After agreeing to purchase the 112-year-old L&N Depot for $45,000 more than its last appraised value, the Decatur City Council is waiting on a new appraisal.
The council voted on the purchase Monday. Council President Gary Hammon said the purchase needed to be made quickly because a $720,000 Alabama Department of Transportation grant for the depot’s $2 million restoration hinges on the city bidding the project by Jan. 1.
Wally Inscho, the depot’s owner, originally asked for $180,000 but reduced the price to $175,000. Its appraised value, however, is $130,000.
Councilman Billy Jackson was the sole dissenter Monday. He said the $5,000 discount wasn’t enough.
“I’m pretty sure that’s still over the appraised value, unless that’s changed,” he said.
On Monday nobody at City Hall, including City Attorney Herman Marks and the Community Development department, could produce the appraisal from two years ago. Community and Economic Development Director Wally Terry did not return calls Monday until 5 p.m., at which point he said he had the appraisal, but could not release it until he had permission from Mayor Don Stanford and ALDOT, which had closed its offices by the time Terry was reached.
Property appraisals are public documents under state open records law.
Terry said the depot is being re-appraised in the hope that its value has risen since the original appraisal, which could result in bigger grants from the state. He said the appraisal would not be conducted any differently than two years ago.
“It might be more, it might be the same,” Terry said. “This is a difficult appraisal. There aren’t a lot of other depots lying around.”
Hammon said there was concern that purchasing property above its appraised value may not be legal.
“I asked Herman Marks that, and he said as long as we determine the inherent value exceeds the purchase amount, it’s OK,” Hammon said.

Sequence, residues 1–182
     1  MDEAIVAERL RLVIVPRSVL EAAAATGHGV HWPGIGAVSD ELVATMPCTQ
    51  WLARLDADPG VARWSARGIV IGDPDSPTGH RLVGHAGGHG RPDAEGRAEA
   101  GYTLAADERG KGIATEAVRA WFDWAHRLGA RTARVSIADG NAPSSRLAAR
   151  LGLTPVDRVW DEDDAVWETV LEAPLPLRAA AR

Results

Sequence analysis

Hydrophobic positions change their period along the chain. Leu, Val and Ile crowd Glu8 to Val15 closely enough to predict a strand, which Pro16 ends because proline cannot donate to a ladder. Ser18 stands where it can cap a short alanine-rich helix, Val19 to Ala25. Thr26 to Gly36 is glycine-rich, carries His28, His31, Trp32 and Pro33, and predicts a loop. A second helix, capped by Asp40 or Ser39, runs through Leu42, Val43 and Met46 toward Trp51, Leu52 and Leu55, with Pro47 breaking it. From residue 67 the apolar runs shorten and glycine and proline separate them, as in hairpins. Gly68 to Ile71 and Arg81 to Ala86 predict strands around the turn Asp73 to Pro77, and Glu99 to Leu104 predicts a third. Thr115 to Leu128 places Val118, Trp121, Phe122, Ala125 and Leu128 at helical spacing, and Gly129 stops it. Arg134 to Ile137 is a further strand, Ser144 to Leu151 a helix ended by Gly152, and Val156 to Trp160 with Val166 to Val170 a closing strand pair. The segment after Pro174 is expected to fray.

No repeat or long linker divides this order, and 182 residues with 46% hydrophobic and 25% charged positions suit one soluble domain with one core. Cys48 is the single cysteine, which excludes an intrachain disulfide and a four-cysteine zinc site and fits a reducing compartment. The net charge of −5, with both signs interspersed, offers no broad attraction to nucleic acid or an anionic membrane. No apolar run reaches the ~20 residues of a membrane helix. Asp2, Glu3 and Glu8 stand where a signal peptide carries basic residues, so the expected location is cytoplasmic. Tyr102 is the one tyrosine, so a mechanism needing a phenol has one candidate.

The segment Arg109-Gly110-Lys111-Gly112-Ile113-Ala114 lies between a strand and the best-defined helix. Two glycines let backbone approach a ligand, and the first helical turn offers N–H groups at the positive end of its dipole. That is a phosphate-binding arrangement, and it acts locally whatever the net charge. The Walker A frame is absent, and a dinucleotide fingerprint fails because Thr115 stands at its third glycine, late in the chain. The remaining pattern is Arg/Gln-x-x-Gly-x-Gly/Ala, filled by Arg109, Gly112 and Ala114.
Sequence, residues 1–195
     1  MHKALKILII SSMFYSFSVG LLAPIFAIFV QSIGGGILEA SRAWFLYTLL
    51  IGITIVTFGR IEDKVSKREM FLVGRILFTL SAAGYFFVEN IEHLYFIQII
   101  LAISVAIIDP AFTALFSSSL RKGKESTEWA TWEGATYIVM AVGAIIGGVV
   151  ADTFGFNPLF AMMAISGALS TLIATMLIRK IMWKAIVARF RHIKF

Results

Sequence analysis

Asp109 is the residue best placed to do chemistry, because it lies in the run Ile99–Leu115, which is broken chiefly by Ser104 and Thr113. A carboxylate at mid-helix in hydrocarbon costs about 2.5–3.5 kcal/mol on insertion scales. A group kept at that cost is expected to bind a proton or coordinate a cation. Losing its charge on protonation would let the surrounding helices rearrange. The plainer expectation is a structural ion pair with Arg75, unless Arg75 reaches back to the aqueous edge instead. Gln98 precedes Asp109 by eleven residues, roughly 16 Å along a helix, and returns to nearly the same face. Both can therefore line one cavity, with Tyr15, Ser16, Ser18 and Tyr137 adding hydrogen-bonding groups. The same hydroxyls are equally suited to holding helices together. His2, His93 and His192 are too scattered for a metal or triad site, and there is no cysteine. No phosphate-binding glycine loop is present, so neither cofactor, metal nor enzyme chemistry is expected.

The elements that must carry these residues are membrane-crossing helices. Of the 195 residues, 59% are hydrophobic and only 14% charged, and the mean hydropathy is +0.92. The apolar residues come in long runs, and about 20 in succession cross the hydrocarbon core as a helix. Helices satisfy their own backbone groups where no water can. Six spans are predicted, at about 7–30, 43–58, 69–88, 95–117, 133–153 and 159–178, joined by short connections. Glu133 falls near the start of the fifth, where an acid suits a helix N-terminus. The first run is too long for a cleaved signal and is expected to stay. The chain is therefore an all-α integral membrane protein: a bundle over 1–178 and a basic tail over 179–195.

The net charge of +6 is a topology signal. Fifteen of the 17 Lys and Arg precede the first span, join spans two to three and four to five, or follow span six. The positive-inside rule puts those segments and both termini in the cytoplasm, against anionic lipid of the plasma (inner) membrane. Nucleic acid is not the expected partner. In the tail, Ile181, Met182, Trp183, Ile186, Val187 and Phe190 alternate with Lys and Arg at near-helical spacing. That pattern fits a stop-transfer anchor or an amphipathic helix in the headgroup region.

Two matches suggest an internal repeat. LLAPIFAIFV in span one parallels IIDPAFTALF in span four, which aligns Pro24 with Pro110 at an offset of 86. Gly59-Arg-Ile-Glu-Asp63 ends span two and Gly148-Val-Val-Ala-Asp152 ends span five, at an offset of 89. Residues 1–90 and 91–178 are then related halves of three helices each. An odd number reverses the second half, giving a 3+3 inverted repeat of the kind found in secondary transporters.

The “inherent value” Hammon referred to is the depot’s historical significance.
“A lot of old buildings around it have been torn down,” he said.
Inscho said the depot was appraised as a warehouse, not a historic property.
“I hate it that I’m being thought of as an opportunist for setting a price higher than the appraised price for the depot,” Inscho said. “As a warehouse, I think that’s a fair appraisal.”
Inscho said he agreed to purchase the building for $22,500 in 1983. He said his cost of keeping the depot up for 29 years exceeds his selling price, but he didn’t keep detailed records that would document his expenses.
He said he spent “substantially over $100,000 in repairs and maintenance.” He said he had the roof repaired, installed new gutters and made structural repairs. He also had windows taken out, preserved and stored.
Additionally, he said, he spent several hundred dollars to secure the building each time it was broken into. He said there were 40 to 60 break-ins during the time he owned the building.
He said he checked on the building every week or two for 29 years.
“When we bought the building 29 years ago, we bought it to save it for the city,” Inscho said. “We thought it had historical significance.”
Athens State University history professor Sean Busick said train depots are often historically significant because they were once the primary means of transportation through the South and carried precious cotton shipments.
“Any towns that didn’t have a railroad depot in the mid-to-late 19th century withered and died,” he said.
The restoration will be paid for with the ALDOT grant, $90,000 in matching funds by the city, a $486,000 loan and commitments of $550,000 from Decatur Downtown Redevelopment Authority — $200,000 up front and $350,000 during seven years — and a promise to raise at least $200,000 in private donations.
Lead paint must be removed and the building repainted, and the clay tile roof refurbished.
New parking in front of the depot will be added, and an unused city parking lot across the street will be improved with lighting and security cameras.
Decatur police’s traffic division will be moved out of its cramped quarters at City Hall and into one side of the depot. A transportation museum will likely be put into the remaining space.
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